The Winners

Last month Spark announced the winners of its $100k Challenge, its flagship business planning competition.

After the 12 finalist teams completed the Launch Pad, a 8 week mentorship and workshop programme designed to help them develop their business, their business plans were submitted to the judges. This was followed up with a pitch to the judging panel in a Dragons Den-like scenario.

Then on 20th October, to a crowd of 300+, the winners were announced. Refer below to the public disclosure summaries of the winners. For a full list of the finalists please visit here. Media release here.

This year we saw a greater penetration into the postgraduate and staff community which meant that we also saw a greater degree of hi-tech businesses and university IP entering the challenges. As a scientific individual moving into the area of tech commercialisation and this being an area of performance which NZ has copped slack over, these developments were great to see. You have researchers using the terms ‘market validation’ and ‘business models’ when referring to their research, tech, widget. It may seem like a small step to some, but it’s a giant change in mindset of researchers.  More so we were able to achieve this while maintaining Spark’s mainstream student start-up business venture entries.

Each year the Spark Challenges get more competitive. Since entering the Spark system earlier in the year, each of the finalists had progressed a long way. By judging time, all of them were in full dialogue with their markets, some about to undergo product/ service trials and some were even starting to take orders.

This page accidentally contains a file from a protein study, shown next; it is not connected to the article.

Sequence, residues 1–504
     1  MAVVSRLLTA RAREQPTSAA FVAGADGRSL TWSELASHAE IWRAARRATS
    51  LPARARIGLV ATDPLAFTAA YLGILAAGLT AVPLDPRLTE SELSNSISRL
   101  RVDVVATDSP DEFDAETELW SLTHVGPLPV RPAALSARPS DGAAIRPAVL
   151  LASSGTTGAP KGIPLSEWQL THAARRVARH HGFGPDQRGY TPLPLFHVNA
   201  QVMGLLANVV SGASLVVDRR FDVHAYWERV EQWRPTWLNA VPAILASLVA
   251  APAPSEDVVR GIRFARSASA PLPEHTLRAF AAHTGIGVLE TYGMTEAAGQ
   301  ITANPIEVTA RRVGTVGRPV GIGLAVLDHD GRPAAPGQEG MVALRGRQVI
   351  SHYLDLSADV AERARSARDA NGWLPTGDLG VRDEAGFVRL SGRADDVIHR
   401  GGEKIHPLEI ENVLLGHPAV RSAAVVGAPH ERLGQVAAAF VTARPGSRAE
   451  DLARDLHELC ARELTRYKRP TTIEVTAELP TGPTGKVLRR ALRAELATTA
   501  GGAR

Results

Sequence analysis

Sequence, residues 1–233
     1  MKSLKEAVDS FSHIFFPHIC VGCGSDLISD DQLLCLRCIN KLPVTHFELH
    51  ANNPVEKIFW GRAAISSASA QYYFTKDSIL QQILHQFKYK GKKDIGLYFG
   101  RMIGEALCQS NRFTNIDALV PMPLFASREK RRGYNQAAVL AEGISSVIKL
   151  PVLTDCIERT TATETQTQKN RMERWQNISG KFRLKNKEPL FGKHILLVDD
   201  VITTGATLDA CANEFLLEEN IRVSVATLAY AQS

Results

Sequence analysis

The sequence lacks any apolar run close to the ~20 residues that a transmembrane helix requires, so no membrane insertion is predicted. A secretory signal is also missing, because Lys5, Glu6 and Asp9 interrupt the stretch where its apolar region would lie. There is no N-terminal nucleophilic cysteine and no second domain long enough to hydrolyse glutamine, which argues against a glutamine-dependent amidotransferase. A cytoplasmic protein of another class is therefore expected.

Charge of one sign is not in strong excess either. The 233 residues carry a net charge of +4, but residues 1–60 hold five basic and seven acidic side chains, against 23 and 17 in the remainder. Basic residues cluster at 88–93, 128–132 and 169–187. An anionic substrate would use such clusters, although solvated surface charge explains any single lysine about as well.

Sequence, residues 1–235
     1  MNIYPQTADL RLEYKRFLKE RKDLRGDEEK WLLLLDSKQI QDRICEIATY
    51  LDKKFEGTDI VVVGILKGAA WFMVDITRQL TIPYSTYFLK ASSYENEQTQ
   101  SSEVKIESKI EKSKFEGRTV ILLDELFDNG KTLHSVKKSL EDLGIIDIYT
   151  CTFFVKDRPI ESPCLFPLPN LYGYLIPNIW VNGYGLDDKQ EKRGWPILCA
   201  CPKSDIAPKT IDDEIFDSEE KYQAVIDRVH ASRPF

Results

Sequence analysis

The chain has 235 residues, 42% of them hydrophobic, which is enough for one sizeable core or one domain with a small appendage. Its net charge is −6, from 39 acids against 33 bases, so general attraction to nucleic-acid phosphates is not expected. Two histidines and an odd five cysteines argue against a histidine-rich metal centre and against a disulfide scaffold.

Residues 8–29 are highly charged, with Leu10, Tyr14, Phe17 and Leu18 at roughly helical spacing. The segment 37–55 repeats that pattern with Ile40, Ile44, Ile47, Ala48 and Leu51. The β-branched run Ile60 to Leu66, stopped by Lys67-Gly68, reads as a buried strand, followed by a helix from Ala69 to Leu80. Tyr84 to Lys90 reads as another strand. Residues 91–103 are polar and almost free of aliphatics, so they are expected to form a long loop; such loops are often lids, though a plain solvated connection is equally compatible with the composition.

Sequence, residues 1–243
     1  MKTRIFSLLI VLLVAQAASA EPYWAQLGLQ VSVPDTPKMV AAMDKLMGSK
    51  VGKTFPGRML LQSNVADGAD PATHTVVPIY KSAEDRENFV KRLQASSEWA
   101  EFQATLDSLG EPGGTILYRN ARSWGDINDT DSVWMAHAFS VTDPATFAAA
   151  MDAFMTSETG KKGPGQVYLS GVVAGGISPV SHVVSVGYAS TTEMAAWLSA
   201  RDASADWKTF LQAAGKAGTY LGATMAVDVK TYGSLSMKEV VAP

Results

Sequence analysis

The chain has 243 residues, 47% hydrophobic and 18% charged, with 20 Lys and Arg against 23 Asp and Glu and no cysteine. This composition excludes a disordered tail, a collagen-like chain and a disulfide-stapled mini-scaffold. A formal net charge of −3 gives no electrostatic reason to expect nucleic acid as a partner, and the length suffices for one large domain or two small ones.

Another success for Spark this year was that we are seeing businesses being launched which weren’t successful entries (in receiving a prize) in this year’s challenges. Not disheartened by this they pressed on to launch their business. An example is

Spark now has fostered the creation of 72 start-up ventures since 2003. This number was 50 at the beginning of 2010. Not only are we helping staff and students launch new ventures but we are also discovering alumni, who were inspired and educated by Spark, that have launched businesses following graduation.



PhotoPURE (left), Healthy Memory Company (right).


First Place – $20,000 seed capital + 6 months business incubation @ The ICEHOUSE


PhotoPURE is a novel and advanced inorganic composite material developed based on nanoscience and photocatalytic technology. It is able to quickly decompose contaminants in the environment through the use of light energy. Compared to other environment purification products, PhotoPURE is more efficient and provides a longer-lasting purifying effect due to its unique nanoarchitecture. The purification process is a green process that does not create any secondary contaminants or other harmful by- products, making PhotoPURE safe for both indoor and outdoor use.The PhotoPURE team intends to apply PhotoPURE in the areas of air and water purification. With its high efficiency, low energy consumption, long life time and almost no maintenance requirements, PhotoPURE will radically reduce purification costs while ensuring air and water qualities of the highest standards.